TSMC snags $6.6 billion in CHIPS Act funding to open three factories in Arizona

The goal is for the company to manufacture “advanced chips that are made entirely on US soil.”

Rebecca Noble via Getty Images

President Biden’s CHIPS Act money continues to get doled out to semiconductor manufacturers. The White House just announced that the Taiwan Semiconductor Manufacturing Company (TSMC) is receiving $6.6 billion in grants to build three fabrication plants, otherwise called fabs, in the region of Phoenix, Arizona. This is in addition to around $5 billion in government loans.

As part of this deal, TSMC agreed to expand its planned investment in Arizona by $25 billion, to $65 billion. The company already announced two of the three factories it is building in the state, with a third promised by 2030. The White House says this represents the largest foreign direct investment in Arizona’s history, with expectations to bring 6,000 high-wage tech jobs and 20,000 construction jobs to the state.

One nifty aspect of these factories is that they’ll allow TSMC to complete every aspect of the chip-making process on US soil, including advanced packaging. I’m not talking about slapping a box and warranty information around the chip. In this context, packaging refers to arranging the various components to build the final product, in addition to adding power, inputs and outputs. As things currently stand, even components that are made in America are sent back to Taiwan for packaging and then mailed across the world yet again for the final sale. These Arizona factories will, eventually, put a stop to all of that jet-setting.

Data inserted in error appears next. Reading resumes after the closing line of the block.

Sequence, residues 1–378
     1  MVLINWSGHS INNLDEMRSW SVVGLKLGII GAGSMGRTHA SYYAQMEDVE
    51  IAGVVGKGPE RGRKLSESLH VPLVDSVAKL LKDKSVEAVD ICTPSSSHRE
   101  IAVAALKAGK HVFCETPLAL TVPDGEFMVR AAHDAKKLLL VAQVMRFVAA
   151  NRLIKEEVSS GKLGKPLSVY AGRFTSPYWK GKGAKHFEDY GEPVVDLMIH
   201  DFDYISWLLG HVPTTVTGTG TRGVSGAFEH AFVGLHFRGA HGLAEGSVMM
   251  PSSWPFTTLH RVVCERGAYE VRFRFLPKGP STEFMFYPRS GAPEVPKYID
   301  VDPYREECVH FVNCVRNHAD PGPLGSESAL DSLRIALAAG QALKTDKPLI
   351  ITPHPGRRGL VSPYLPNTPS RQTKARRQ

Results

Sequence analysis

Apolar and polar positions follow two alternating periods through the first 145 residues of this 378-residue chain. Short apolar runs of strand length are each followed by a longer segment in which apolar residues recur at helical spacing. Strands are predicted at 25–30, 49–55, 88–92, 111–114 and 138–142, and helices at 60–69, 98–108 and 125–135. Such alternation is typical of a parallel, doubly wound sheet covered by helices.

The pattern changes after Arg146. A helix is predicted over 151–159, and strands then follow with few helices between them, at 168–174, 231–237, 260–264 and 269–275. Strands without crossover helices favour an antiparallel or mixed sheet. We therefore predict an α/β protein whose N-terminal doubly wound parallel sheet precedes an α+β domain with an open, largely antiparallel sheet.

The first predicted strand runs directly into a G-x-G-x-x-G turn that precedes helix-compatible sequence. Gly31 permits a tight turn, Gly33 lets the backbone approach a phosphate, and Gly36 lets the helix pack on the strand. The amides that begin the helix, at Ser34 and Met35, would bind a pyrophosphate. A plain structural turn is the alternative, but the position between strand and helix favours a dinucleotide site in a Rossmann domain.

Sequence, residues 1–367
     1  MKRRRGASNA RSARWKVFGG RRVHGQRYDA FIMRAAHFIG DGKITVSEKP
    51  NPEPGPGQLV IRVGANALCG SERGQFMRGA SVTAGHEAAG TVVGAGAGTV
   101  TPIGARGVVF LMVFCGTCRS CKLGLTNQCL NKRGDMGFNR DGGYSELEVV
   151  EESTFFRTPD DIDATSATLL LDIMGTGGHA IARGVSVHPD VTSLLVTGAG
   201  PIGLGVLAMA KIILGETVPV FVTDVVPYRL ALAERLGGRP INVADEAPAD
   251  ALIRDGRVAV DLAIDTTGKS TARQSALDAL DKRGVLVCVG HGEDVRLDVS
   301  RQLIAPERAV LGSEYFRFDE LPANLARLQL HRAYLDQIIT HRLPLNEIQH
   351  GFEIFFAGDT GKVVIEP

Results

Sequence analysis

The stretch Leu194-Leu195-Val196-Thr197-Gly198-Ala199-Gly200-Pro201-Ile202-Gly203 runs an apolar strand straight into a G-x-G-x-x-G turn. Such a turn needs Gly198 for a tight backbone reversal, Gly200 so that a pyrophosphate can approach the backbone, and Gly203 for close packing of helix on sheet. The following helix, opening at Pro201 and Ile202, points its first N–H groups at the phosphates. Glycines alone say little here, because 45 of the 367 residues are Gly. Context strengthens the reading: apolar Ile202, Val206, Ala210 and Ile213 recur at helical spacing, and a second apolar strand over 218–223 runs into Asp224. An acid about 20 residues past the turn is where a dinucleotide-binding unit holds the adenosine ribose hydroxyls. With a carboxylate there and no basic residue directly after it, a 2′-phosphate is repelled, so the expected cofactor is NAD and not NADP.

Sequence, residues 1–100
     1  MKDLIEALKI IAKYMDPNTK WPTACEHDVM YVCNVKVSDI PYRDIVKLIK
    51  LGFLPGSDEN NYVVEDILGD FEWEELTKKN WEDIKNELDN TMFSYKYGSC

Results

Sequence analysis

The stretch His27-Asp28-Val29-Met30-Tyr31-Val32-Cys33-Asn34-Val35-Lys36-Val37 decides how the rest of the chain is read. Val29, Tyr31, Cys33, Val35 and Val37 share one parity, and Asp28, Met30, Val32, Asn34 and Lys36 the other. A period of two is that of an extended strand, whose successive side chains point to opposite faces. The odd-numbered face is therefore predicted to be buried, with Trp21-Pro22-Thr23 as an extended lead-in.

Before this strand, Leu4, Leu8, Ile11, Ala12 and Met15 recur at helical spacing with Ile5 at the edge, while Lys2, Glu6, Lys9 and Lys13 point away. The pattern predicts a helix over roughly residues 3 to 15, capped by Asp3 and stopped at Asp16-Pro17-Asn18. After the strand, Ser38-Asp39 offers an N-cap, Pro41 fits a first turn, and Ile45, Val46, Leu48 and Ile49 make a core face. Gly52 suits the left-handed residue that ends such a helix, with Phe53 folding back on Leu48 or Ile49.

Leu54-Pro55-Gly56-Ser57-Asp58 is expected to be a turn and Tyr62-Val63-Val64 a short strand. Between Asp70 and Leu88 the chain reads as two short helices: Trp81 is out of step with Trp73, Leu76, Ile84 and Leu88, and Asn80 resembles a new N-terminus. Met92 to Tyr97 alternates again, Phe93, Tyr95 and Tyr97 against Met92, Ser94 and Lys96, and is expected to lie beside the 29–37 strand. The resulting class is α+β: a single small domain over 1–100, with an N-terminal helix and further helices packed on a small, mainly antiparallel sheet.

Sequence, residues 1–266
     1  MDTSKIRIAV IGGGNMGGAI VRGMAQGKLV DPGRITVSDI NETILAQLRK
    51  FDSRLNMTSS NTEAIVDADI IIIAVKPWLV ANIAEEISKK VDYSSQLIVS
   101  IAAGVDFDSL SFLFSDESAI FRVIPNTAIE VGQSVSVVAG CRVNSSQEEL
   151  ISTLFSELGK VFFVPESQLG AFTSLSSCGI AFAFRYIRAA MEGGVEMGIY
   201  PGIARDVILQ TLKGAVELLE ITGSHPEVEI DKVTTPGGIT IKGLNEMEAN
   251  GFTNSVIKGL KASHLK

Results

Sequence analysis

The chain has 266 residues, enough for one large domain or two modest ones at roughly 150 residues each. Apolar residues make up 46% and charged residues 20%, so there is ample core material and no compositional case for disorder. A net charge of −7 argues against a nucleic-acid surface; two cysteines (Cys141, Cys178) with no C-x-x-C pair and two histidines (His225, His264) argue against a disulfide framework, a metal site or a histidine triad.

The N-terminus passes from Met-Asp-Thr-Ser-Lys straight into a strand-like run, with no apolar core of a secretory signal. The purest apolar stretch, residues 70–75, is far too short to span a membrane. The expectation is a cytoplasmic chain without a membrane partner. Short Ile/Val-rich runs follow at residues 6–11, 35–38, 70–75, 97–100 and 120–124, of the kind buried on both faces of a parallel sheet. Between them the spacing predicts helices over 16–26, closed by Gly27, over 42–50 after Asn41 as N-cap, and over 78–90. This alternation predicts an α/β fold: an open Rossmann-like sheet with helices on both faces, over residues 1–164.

Once all three factories are humming along, they will reportedly manufacture tens of millions of chips to power products like smartphones, autonomous vehicles and, of course, AI datacenter servers. Future iPhones and Macs will use 4nm and 3nm chips made at the Phoenix plants, thanks to a partnership with Apple. TSMC has already reported some delays with the first two factories, but the current plan is for the first fab to be fully operational by next year, with the second to follow in 2028 and the third by 2030.

The White House says this investment, along with other CHIPS Act grants and loans, will turn the US into a global chip-making powerhouse. The federal government suggests that the US will manufacture 20 percent of the world’s leading-edge chips by 2030.

“America invented these chips, but over time, we went from producing nearly 40 percent of the world’s capacity to close to 10 percent, and none of the most advanced chips, exposing us to significant economic and national security vulnerabilities”, said President Biden.

One of the main goals of the CHIPS Act is to lure global chipmakers to build on US soil, and it looks like it’s working. Last week, Samsung announced it would be doubling its investment in Texas to $44 billion, with plans for an ambitious expansion. The multinational semiconductor company GlobalFoundries received a grant of $1.5 billion to help pay for a new fabrication facility in New York that will handle the manufacture of chips for the automotive, aerospace, defense and AI industries. Intel recently received the largest CHIPS grant to date, snatching up to $8.5 billion to continue various US-based operations.